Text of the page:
New Year Honours for astronaut, referee and beekeeper

  • Published
Nasa astronaut Piers Sellers
Image caption,
Nasa astronaut Piers Sellers has been appointed OBE

A Nasa astronaut, a beekeeper and a World Cup football referee are among those in England recognised in the New Year Honours list.

Piers Sellers, 55, who was born in East Sussex and has been on three space flights, becomes an OBE.

Howard Webb, 39, from Rotherham, South Yorkshire, has been appointed MBE after becoming the first Englishman to referee a World Cup final since 1974.

Many local heroes and community figures have also been recognised.

Beekeeper Anne Buckingham, from Farnham, was appointed MBE for services to beekeeping in Surrey, with the same honour going to Eric Sutherns, who is the bridge master of London's Tower Bridge.

Ray Edwards, from Sandhurst, Berkshire, who lost his legs and arms in 1987 due to blood poisoning after being treated for Hodgkin's lymphoma, has been appointed MBE.

'Human fly'

Mr Edwards, who founded Limbcare, a charity that offers help to those who have lost limbs and to their families and partners, said: "I am very, very proud.

"A lot of people said with what I do with helping others it would be quite nice to have an honour, but just for me personally it's mind-blowing.

"I am just a normal bloke and decided to help."

In Suffolk, Dr Michael Field, a specialist in managing not-for profit organisations, has been appointed OBE.

Dr Field, a non-executive board member of the James Paget University Hospital NHS Foundation Trust and chair of Great Yarmouth College in Norfolk, said he was "absolutely thrilled".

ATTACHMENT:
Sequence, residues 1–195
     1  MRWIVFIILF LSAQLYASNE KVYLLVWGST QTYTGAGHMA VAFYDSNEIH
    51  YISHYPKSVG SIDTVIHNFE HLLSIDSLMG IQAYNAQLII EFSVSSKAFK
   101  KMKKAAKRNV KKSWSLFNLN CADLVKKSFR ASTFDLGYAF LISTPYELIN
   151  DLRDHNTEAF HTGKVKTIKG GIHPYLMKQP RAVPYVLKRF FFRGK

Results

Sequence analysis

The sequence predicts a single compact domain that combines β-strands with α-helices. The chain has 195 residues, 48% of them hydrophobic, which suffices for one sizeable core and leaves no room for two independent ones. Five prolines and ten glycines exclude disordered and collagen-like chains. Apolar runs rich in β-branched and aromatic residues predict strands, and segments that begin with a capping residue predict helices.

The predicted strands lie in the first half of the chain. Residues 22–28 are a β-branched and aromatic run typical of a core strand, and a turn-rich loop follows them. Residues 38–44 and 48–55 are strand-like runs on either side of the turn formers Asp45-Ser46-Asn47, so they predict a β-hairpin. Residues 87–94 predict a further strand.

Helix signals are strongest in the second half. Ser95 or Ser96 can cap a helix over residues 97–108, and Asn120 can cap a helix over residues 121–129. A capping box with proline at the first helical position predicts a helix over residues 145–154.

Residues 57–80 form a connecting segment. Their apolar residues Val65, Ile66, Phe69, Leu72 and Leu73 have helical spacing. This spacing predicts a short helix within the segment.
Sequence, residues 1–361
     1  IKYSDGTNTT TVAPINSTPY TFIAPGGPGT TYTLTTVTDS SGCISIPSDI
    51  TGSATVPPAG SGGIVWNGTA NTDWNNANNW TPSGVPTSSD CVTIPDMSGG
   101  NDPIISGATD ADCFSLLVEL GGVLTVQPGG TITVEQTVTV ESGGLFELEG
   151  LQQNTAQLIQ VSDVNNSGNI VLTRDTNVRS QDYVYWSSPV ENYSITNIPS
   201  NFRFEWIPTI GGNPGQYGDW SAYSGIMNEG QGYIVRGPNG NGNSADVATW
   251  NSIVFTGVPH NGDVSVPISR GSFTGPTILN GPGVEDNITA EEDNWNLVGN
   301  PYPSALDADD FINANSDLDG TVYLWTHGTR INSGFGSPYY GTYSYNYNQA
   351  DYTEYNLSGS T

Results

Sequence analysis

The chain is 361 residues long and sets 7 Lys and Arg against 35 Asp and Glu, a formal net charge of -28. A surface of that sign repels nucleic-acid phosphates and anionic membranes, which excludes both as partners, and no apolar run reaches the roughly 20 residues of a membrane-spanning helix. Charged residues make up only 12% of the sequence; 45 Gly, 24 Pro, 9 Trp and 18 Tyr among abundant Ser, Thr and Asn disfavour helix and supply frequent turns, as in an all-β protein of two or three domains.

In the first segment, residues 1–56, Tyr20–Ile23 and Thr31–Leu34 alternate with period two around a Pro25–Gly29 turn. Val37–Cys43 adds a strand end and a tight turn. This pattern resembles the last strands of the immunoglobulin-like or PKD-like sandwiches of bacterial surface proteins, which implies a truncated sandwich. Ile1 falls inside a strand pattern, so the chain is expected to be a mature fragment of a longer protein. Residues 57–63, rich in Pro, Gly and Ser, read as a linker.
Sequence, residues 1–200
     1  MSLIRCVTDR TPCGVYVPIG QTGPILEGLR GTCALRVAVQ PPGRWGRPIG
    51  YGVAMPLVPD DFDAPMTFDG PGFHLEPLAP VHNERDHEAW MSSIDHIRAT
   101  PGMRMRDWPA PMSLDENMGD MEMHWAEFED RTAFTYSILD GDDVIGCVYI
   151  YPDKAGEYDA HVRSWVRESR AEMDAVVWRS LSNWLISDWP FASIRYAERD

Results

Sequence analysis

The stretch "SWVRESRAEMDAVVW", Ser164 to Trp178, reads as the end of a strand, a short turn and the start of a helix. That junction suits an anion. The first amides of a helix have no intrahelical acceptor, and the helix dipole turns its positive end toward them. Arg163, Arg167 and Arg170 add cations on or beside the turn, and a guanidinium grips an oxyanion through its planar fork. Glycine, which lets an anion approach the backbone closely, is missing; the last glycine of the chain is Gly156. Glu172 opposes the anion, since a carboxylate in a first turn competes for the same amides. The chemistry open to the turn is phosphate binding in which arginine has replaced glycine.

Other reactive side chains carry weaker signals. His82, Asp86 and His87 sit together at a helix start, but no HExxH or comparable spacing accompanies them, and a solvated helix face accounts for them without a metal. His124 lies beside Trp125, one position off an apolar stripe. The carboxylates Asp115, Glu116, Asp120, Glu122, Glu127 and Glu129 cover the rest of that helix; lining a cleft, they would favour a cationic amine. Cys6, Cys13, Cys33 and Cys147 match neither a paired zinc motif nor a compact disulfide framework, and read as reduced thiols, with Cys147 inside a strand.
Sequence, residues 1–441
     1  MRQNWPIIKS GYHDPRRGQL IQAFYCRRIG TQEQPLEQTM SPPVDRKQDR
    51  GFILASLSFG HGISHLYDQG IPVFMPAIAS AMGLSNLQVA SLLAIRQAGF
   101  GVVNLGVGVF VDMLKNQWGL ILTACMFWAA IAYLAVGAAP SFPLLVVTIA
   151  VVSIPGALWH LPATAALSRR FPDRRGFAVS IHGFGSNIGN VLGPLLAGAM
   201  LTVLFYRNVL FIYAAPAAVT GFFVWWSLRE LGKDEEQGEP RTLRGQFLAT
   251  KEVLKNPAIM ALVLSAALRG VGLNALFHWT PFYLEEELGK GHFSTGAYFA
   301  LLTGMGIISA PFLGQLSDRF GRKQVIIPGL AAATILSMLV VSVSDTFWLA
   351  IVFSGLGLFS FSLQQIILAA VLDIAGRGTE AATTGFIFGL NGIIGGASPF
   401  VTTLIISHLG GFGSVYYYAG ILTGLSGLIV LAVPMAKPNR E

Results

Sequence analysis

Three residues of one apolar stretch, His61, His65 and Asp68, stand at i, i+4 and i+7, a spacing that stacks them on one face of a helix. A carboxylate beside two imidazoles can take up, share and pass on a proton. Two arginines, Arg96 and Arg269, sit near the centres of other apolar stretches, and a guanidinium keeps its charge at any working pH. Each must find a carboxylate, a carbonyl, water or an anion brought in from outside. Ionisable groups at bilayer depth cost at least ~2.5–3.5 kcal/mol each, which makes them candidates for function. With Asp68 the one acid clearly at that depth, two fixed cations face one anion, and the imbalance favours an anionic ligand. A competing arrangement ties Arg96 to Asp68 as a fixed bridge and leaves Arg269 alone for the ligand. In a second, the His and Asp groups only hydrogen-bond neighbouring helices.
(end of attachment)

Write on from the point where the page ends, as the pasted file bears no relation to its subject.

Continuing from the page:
"I've been associated with voluntary organisations for most of my career and I get a great deal of pleasure in witnessing the amazing work they undertake for our communities," he said.

Image caption,
Referee Howard Webb was appointed MBE for services to football

Manchester-born rock climber Joe Brown, 80, who now lives in Llanberis, Snowdonia, nicknamed the "human fly" for his televised ascents of mountains, was appointed CBE.

He said: "Receiving this award is like being recognised for something I love doing everyday.

"I have never lacked enthusiasm and I surprise even myself at how much I love my sport."

There was a knighthood for Professor Keith Porter, consultant at the Royal Centre for Defence Medicine, at the newly-built Queen Elizabeth Hospital in Birmingham.

Prof Porter, from Alvechurch, Worcestershire, co-ordinates the care of injured British troops flown back from Afghanistan and was recognised for his services to the armed forces.

Mr Webb, a police sergeant from Rotherham who is on a break from South Yorkshire Police, refereed the World Cup final between Spain and Holland in South Africa in July, which Spain won 1-0.

He also officiated at the Champions League final between Inter Milan and Bayern Munich in May.

There was an OBE for rugby star Mike Catt, 39, who retired from playing in May having won 75 England caps.

In Parliament, Conservative MP for Worthing West in West Sussex, Peter Bottomley, has been knighted for his public service.

The 66-year-old was first elected in 1975 and served as a junior minister under Margaret Thatcher.

There were also knighthoods for Martin Broughton, chairman of British Airways, Roger Carr, chairman of energy giant Centrica, and Richard Lambert, the director-general of the Confederation of British Industry.

In the world of film and theatre, veteran actress Sheila Hancock, 77, who was born on the Isle of Wight and now lives in London, has been appointed CBE.

Poirot actor David Suchet, 64, from London, was appointed CBE for services to drama, having played a variety of roles on stage and screen for more than 40 years.